Who got a tax cut and refund this April 15? If you look closely at the entire 2017 tax law, you'll find that the vast majority of dollars are going to high-income families. Yes, Congress threw the …
Who got a tax cut and refund this April 15? If you look closely at the entire 2017 tax law, you'll find that the vast majority of dollars are going to high-income families. Yes, Congress threw the middle class a bone with greater deductions and reduced rates (and by the way, tax refunds are not the only way to track the new law, as many have complained). But, other new deductions are only for the affluent. For example, a 20 percent deduction using the new Qualified Business Income deduction phases out at $315,000 for a couple filing jointly. Clearly an affluent couple get a handsome check in the mail. Also, remember that the reduced rates apply to everyone, but the affluent will see those new rates applied to a much larger pot of money to begin with. It's all in the math.
Now you may say, "But the poor got a tax cut, so they're doing better!" But here's the hidden side effect: The money that's not going to the U.S. Treasury because of all the money the rich saved means government budget deficits are ballooning. According to Bloomberg News, for February of this year, the U.S. government spent a record $234 billion more than it earned, in one month! That's more than the government of Switzerland spends in the entire year. So, how does this affect the poor? It's simple. Budget cuts for the 2020 budget proposals are already in the news. A huge reduction in services is in the pipeline: Medicare, Medicaid, food stamps, student loans, Special Olympics and on and on. Who needs the support services so they can do better at educating their kids, get job training and have a safety net? Not the folks who got the majority of these tax cuts.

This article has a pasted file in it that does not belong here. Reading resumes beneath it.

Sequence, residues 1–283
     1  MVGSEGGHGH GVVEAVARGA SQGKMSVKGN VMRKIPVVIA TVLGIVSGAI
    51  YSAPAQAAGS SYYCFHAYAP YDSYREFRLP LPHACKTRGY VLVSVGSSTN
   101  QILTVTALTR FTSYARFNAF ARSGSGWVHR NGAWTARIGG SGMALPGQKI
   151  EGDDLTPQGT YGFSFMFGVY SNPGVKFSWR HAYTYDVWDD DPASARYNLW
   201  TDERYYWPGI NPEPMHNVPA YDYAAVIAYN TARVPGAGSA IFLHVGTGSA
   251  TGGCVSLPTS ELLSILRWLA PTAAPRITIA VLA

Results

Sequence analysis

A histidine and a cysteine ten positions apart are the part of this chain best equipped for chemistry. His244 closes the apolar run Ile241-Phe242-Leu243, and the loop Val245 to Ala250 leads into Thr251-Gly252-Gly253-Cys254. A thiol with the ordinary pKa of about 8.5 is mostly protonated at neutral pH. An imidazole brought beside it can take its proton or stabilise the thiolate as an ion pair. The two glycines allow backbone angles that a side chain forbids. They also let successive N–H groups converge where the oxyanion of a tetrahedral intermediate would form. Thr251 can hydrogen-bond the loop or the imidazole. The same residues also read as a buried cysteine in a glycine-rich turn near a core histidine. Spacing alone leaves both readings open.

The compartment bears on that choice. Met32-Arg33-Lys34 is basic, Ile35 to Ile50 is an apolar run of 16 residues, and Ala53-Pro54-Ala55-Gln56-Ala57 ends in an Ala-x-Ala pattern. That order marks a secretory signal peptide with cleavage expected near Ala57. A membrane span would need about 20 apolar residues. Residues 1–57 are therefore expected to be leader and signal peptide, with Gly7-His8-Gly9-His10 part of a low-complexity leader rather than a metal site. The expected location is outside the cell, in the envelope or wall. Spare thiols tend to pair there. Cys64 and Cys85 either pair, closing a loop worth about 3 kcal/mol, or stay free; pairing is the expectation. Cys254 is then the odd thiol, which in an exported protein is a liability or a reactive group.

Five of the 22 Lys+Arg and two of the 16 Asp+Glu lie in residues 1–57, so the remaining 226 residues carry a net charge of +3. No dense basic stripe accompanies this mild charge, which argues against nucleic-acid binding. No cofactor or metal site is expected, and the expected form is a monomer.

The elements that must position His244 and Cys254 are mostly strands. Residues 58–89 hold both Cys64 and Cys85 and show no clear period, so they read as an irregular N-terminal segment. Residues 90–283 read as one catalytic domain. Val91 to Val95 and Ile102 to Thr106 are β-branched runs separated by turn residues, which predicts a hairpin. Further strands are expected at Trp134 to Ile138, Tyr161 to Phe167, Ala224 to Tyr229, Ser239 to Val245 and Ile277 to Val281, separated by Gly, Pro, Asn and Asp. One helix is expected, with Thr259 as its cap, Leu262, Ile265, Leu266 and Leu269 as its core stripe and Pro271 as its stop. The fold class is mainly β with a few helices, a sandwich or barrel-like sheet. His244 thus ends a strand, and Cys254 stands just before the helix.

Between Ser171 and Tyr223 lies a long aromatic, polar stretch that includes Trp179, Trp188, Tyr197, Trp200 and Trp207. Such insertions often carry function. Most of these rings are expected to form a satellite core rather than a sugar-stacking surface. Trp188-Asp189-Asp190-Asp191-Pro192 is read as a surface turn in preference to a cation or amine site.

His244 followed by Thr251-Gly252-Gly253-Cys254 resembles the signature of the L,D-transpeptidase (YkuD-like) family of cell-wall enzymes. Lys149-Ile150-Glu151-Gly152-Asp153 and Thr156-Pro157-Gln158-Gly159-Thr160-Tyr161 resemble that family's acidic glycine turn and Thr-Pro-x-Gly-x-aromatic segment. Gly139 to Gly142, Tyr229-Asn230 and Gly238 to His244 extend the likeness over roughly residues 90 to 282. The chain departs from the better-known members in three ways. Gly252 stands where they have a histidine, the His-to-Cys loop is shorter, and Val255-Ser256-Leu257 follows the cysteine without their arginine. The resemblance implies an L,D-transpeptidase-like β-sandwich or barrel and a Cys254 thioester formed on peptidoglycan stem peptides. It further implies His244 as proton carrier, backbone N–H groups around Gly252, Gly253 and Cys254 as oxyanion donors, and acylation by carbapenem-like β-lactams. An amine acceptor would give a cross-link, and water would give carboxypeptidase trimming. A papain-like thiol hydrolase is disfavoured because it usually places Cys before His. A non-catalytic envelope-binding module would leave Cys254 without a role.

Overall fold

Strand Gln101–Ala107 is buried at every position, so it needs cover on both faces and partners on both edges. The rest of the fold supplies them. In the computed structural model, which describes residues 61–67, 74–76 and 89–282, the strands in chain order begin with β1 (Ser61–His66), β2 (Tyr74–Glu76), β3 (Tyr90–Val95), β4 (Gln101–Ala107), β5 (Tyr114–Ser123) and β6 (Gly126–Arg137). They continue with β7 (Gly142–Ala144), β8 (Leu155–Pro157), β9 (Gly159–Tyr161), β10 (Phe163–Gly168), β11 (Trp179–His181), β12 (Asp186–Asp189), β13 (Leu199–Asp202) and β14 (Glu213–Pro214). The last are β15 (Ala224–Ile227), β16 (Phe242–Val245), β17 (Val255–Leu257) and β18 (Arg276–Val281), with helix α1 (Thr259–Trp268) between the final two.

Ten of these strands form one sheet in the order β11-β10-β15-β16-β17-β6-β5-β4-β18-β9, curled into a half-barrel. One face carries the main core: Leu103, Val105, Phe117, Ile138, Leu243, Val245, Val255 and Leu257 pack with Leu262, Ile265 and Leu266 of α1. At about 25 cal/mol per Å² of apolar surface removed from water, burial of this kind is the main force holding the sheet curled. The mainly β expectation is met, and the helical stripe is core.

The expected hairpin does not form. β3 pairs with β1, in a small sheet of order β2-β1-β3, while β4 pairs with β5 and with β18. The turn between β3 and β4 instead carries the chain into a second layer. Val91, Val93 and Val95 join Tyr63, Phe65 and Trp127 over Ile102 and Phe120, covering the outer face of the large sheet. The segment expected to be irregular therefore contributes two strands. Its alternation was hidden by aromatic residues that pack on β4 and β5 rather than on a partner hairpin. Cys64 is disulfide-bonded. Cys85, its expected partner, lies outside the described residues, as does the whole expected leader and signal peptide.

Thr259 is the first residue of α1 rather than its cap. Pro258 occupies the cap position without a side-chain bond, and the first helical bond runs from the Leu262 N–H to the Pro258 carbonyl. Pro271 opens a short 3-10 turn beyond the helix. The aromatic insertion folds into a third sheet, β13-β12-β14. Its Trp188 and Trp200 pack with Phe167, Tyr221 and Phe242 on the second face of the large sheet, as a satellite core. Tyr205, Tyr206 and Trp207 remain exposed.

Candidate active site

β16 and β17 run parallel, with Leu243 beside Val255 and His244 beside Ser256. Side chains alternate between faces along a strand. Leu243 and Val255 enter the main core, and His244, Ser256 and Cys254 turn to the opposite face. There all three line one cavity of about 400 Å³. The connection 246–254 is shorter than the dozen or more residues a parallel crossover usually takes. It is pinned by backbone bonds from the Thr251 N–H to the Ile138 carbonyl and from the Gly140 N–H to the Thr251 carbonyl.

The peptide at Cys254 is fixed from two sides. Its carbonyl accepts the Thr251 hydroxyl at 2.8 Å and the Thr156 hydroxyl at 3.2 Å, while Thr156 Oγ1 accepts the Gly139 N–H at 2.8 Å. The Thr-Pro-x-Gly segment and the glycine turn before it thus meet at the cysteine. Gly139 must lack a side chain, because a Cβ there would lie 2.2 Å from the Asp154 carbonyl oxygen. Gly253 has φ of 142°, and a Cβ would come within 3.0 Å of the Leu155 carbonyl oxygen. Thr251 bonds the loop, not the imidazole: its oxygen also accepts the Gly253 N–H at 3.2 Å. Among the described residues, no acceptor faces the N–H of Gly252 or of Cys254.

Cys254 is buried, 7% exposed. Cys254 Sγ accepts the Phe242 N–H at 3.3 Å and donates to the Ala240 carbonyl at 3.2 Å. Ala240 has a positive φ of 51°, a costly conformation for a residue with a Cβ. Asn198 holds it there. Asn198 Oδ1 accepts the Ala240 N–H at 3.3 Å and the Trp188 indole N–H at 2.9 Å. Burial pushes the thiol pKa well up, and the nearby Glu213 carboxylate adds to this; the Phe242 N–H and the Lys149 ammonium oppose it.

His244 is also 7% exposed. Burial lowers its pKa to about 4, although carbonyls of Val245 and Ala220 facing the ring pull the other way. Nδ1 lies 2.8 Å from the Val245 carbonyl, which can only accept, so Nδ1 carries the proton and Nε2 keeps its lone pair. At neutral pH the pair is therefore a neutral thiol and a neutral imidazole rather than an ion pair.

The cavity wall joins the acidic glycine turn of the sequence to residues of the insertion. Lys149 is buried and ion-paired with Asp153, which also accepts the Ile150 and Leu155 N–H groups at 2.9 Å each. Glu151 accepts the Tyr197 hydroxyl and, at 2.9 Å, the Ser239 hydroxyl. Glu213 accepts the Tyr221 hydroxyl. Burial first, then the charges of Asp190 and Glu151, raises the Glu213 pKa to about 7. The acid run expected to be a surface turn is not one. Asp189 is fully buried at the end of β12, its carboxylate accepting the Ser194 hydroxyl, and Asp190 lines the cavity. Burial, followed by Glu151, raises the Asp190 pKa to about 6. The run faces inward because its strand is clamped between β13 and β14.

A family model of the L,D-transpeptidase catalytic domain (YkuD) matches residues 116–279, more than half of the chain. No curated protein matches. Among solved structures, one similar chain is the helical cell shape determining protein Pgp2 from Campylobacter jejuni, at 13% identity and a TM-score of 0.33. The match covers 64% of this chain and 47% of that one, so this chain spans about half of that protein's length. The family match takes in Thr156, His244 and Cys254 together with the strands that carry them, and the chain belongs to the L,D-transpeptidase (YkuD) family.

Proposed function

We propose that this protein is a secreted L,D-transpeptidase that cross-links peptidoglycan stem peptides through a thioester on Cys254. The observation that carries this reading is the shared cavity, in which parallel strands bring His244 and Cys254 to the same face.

I'm issuing a Tax Cut Bounce-Back Challenge to affluent people in this community. My accountant (yep, I need and can afford one) has calculated how much my wife and I benefited from the 2017 tax law and removed any proportional changes. In other words, we'll keep/pay any tax money if my business earns less/more money, respectively. But we will donate the vast majority of our tax-cut benefit to local nonprofits and schools. The rest we will put toward agricultural infrastructure projects on our permaculture demonstration site where we live, grow food and teach.
On July 8, 2003, the rock band Pearl Jam was past closing time at a long concert. In order to pay the police and security overtime, singer Eddie Vedder said, "We're gonna continue and it's gonna cost us $14,000. But we're gonna continue, because you've made us rich… and we still don't agree with the tax cut and we're givin' the money back to the people and we're gonna keep playin' and we're gonna continue." That's the spirit I'm asking for here in Taos. I challenge those of us lucky enough to get big tax cuts to "give the money back to the people" in this community whom we love so much, to the people who need it most.
Mike Musialowski tutors students in math and science and is active in agriculture and sustainability nonprofit organizations.
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